Drug and Alcohol-related Deaths

– in the Scottish Parliament at on 5 September 2019.

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Photo of Brian Whittle Brian Whittle Conservative

4. To ask the Scottish Government how it plans to include third sector organisations in its plans to tackle the rise in drug and alcohol-related deaths. (S5O-03492)

Photo of Joe FitzPatrick Joe FitzPatrick Scottish National Party

I will give a statement on this later this afternoon, so I will try to avoid topics that I will cover in that.

The Scottish Government recognises and welcomes the support that third sector organisations offer. They played a key role in the development of “Rights, respect and recovery: alcohol and drug treatment strategy”, which was published in November 2018. We are now working with stakeholders, including the third sector, to finalise an action plan to support the strategy, which will be published in October. Third sector organisations are members of national working groups that advise ministers and provide advice on areas such as addressing stigma, workforce development and quality principles. They are also represented on the drug deaths task force, which will co-ordinate and drive action to improve health outcomes, reducing the risks of harm and death. I will speak more about that this afternoon.

Photo of Brian Whittle Brian Whittle Conservative

Does the minister agree that many third sector organisations have the experience and capacity to tackle the prevention of drug issues upstream? Will the Scottish Government therefore commit to giving them an adequate proportion of funding in order to take advantage of that experience?

Photo of Joe FitzPatrick Joe FitzPatrick Scottish National Party

Since taking on the position of Minister for Public Health, Sport and Wellbeing, I have visited a huge number of third sector and other organisations. When those organisations work in partnership with public services, I always see that they are able to provide services that are welcomed by the community.

It is important that we appropriately support organisations and make sure that people get the best possible treatment.

I know that Mr Whittle has visited the River Garden organisation, which I visited last year. It is an excellent example of a third sector organisation taking forward a groundbreaking principle—I think that it is the first example of its type across these islands. I am pleased that the Scottish Government was able to support River Garden to the tune of £125,000.

Photo of Kenneth Gibson Kenneth Gibson Scottish National Party

Will the minister advise the chamber how many drugs deaths were caused not by illegal but by legally prescribed drugs—such as sleeping pills and antidepressants—last year, and how third sector organisations can assist in raising awareness of those dangers?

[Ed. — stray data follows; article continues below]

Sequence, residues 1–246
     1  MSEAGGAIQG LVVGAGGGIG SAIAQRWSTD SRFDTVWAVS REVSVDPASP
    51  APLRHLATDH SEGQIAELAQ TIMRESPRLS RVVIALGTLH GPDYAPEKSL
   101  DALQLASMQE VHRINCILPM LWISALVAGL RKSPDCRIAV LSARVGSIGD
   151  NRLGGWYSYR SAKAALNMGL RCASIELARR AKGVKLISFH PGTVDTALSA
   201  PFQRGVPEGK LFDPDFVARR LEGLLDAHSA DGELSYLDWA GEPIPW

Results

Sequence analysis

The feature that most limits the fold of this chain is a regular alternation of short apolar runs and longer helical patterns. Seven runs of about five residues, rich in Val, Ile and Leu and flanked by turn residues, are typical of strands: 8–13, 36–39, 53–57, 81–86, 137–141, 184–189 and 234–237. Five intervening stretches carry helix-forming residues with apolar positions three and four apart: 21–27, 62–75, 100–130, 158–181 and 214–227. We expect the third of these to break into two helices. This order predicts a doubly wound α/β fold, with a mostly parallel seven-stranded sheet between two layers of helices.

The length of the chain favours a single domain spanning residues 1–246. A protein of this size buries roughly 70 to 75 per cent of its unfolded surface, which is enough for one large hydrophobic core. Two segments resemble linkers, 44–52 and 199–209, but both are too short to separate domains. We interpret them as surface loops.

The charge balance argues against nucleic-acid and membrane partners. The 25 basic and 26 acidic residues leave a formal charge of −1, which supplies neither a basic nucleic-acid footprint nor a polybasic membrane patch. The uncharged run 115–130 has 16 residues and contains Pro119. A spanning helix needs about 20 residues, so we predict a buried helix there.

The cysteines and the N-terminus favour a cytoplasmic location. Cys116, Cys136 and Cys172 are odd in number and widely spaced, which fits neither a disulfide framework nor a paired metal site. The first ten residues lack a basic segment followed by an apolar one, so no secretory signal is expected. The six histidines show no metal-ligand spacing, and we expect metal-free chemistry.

Photo of Joe FitzPatrick Joe FitzPatrick Scottish National Party

The Scottish Government listens to experts from third sector organisations and other partners. Working with partners, we provide relevant and targeted information to the public to raise awareness of the dangers in order to improve health outcomes and reduce the risk of harm and deaths.

The National Records for Scotland “Drug Related Deaths in Scotland” report does not link to prescribing data. It is therefore not possible to identify whether a drug that was prescribed to a person was implicated in their death. However, NRS produces supplementary tables that show drug-related deaths by drug type. Those show that, for 2018, there were no drug-related deaths where the category of antidepressants was implicated in or potentially contributed to the drug-related death. However, other drugs—such as paracetamol—were implicated in or potentially contributed to a drug-related death in 23 cases. The NRS supplementary information lists nearly 250 drug types. I will write to Kenneth Gibson with a fuller answer in due course.

Photo of Neil Findlay Neil Findlay Labour

The reality is that third sector and many other organisations are grossly underfunded and stretched to the max by the drugs crisis that we have. The

West Lothian Courier highlights today that, in that county, only 39 per cent of patients are seen by the local drug and alcohol services within three weeks, which NHS Lothian says is because of capacity and staffing issues.

Given that 1,200 people are dying on the streets, does the minister think that a paltry £10 million in additional resources is adequate to deal with the carnage that we see on the streets of Scotland today?

Photo of Joe FitzPatrick Joe FitzPatrick Scottish National Party

I am pleased to have been informed that there are plans in place to improve waiting times in West Lothian, as they are clearly not good enough. Around Scotland, waiting times have been improving, including across the NHS Lothian area, but the waiting times that people are experiencing in West Lothian are not acceptable and need to be improved.